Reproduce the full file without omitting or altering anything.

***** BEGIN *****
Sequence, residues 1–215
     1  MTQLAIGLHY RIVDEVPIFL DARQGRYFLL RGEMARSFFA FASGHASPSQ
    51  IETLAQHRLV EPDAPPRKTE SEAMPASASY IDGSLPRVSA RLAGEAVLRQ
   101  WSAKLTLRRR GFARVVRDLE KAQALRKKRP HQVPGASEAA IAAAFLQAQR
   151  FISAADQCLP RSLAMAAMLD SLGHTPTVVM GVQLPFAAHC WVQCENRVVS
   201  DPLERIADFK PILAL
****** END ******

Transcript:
Sequence, residues 1–215
     1  MTQLAIGLHY RIVDEVPIFL DARQGRYFLL RGEMARSFFA FASGHASPSQ
    51  IETLAQHRLV EPDAPPRKTE SEAMPASASY IDGSLPRVSA RLAGEAVLRQ
   101  WSAKLTLRRR GFARVVRDLE KAQALRKKRP HQVPGASEAA IAAAFLQAQR
   151  FISAADQCLP RSLAMAAMLD SLGHTPTVVM GVQLPFAAHC WVQCENRVVS
   201  DPLERIADFK PILAL